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Reviewed by:
  • Paul Clayton and the Folksong Revival
  • Morris S. Levy
Paul Clayton and the Folksong Revival. By Bob Coltman. (American Folk Music and Musicians, no. 10.) Lanham, Md.: Scarecrow Press, 2008. [xxvi, 297 p. ISBN 978-0-8108-6132-9. $55.] Illustrations, appendix, notes, discography, bibliography, index.

When I was a boy, I went through a phase when I was fascinated by everything cetaceous; one of the favorite places in my world was beneath the life-sized blue whale model in New York’s American Museum of Natural History. I recall studying a “map” of whales that I discovered in an issue of the National Geographic, imagining myself as a researcher of narwhals and belugas. Another one of my favorite places while growing up was the performing arts library at Lincoln Center, and I remember one visit during which I checked out three LPs of whale-related music: Alan Hovhaness’ And God Created Great Whales, conducted by Andre Kostelanetz; John Tavener’s The Whale, released in 1970 on the Beatles’ Apple label; and Whaling and Sailing Songs from the Days of Moby Dick, a 1956 album on [End Page 288] the Tradition label with a stark drawing of Captain Ahab on the cover (probably motivated by the contemporaneous release of the film starring Gregory Peck), and songs performed by a folksinger with New Bedford, Massachusetts roots named Paul Clayton. As I moved from high school enthusiast to college musicologist to graduate school folklorist/ethnomusicologist, and eventually to music librarian, I collected as many Paul Clayton albums as I could find, and there were quite a few out there: Clayton was a prolific recording artist whose songs were released on the Tradition, Folkways, Stinson, Riverside, Elektra, and Monument labels. I even toyed with the idea of producing a compilation compact disc of Clayton’s music or writing a biography of Clayton; the latter idea became moot when I learned that Bob Coltman was working on the first book-length study of Clayton for Scarecrow Press. Coltman’s book, Paul Clayton and the Folksong Revival, was published in September 2008, and it is a fine study of a nearly forgotten but still significant figure in the folksong revival of the 1950s and 1960s.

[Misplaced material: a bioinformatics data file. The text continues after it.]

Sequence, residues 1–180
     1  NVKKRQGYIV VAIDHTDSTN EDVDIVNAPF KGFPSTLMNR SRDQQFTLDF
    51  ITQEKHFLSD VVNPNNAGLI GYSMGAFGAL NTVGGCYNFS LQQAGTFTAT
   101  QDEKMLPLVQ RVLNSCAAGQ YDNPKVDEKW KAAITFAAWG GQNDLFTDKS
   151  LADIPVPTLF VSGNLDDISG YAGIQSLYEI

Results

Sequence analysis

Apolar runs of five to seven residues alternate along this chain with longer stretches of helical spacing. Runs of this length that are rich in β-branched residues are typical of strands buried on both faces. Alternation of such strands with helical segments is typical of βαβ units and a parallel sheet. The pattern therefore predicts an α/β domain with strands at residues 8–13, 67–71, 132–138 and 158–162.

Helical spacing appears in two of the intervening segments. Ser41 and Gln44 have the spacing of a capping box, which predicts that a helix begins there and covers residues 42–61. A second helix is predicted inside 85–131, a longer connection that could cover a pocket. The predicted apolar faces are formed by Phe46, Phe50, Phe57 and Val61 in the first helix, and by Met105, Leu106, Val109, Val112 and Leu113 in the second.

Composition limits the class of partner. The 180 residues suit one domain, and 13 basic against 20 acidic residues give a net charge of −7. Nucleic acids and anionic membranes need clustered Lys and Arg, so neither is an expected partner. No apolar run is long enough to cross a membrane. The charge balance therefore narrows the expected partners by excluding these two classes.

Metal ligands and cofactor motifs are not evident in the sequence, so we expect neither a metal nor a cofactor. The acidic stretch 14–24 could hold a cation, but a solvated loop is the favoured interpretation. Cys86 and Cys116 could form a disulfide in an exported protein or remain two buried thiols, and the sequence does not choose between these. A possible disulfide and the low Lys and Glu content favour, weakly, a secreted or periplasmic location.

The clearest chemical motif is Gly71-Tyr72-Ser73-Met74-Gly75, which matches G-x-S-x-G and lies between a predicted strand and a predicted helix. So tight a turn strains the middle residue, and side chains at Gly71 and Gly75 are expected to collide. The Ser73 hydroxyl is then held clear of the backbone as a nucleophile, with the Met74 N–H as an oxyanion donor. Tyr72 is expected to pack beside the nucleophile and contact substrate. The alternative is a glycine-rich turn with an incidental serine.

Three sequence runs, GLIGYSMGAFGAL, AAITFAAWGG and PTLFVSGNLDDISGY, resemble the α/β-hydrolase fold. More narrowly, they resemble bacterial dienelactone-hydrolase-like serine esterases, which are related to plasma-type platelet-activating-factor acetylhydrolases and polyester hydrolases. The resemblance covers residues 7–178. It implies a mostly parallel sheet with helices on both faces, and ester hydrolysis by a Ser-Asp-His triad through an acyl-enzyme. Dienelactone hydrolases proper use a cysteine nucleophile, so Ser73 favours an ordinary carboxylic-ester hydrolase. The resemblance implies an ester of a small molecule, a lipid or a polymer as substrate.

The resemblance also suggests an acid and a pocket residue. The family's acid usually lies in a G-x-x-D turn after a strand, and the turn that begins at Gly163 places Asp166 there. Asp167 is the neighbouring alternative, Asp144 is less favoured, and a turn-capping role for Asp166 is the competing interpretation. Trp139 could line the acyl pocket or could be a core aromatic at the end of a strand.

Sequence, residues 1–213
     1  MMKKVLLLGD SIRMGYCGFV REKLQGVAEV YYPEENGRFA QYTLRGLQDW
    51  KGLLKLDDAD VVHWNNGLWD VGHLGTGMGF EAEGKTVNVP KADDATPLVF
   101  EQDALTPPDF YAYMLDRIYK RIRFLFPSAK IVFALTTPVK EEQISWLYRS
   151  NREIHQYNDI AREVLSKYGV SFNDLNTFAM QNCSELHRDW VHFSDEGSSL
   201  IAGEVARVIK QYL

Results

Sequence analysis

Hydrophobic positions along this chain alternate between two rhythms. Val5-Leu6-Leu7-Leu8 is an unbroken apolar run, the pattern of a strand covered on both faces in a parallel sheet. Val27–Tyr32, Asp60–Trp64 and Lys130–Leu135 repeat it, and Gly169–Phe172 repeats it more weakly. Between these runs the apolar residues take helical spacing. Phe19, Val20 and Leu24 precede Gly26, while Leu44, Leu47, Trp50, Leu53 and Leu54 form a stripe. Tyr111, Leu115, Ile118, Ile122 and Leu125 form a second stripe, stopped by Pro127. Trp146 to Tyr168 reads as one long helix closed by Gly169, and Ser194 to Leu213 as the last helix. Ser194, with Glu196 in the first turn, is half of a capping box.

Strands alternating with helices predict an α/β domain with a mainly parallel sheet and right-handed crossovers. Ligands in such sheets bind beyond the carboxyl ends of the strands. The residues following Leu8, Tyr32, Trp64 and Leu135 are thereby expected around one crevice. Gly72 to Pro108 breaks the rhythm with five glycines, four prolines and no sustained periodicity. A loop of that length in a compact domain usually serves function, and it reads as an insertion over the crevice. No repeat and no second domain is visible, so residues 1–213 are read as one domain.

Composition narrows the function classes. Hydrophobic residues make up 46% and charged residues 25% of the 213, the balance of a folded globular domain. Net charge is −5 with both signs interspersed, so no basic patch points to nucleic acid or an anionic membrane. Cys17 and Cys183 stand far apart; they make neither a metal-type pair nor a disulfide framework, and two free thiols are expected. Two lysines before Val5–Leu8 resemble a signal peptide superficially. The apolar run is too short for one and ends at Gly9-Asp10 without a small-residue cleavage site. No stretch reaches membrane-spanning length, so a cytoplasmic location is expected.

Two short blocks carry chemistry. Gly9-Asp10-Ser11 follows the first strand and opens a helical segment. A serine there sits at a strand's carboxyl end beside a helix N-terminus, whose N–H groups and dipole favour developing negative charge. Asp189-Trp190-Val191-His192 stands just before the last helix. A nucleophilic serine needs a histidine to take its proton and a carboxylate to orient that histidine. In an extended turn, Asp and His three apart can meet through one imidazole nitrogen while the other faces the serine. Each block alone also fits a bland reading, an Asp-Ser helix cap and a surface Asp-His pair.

Paul Clayton Worthington was born in 1931 in New Bedford into a volatile household; his parents divorced when he was only four. Paul formed strong bonds with his mother and his maternal grandparents, Charles and Elizabeth Hardy, who taught him the songs they had learned in their youth: Charles from the New Bedford whalers he met as a whaling outfitter and Elizabeth from growing up on Prince Edward Island. Not only did they imbue Clayton with their music, they also taught him an approach to singing that he maintained throughout his career: an unadorned, almost talking style of singing that was rhythmically freer than the standardized forms of popular and popularized folk music. By high school, he was performing folk songs on a local radio program; at nineteen, he recorded the songs that he learned from his family for folklorist Helen Hartness Flanders. (These recordings are now part of the Vermont Folklife Center at Middlebury College.) As an undergraduate at the University of Virginia, he sought out English professor Arthur Kyle Davis, who had published Traditional Ballads of Virginia (Cambridge: Harvard University Press, 1929), and Folk-Songs of Virginia: A Descriptive Index and Classification of Material Collected Under the Auspices of the Virginia Folklore Society (Durham, NC: Duke University Press, 1949), and was looking for students to go out into the Virginia countryside and collect new songs. Clayton’s good looks, charm, and easygoing manner worked well for him in his fieldwork, and he soon made lifetime connections with native performers as well as with other students interested in folk music, including business graduate student William Marburg, who performed as Bill Clifton. Clayton had taught himself the guitar in high school; in college, he mastered the Appalachian dulcimer. In the summer of his sophomore year, Clayton headed for Europe and North Africa to collect folk songs, even convincing the BBC to make a twenty-eight-program folk-music series featuring himself. Returning to Charlottesville, Clayton teamed with Bill...


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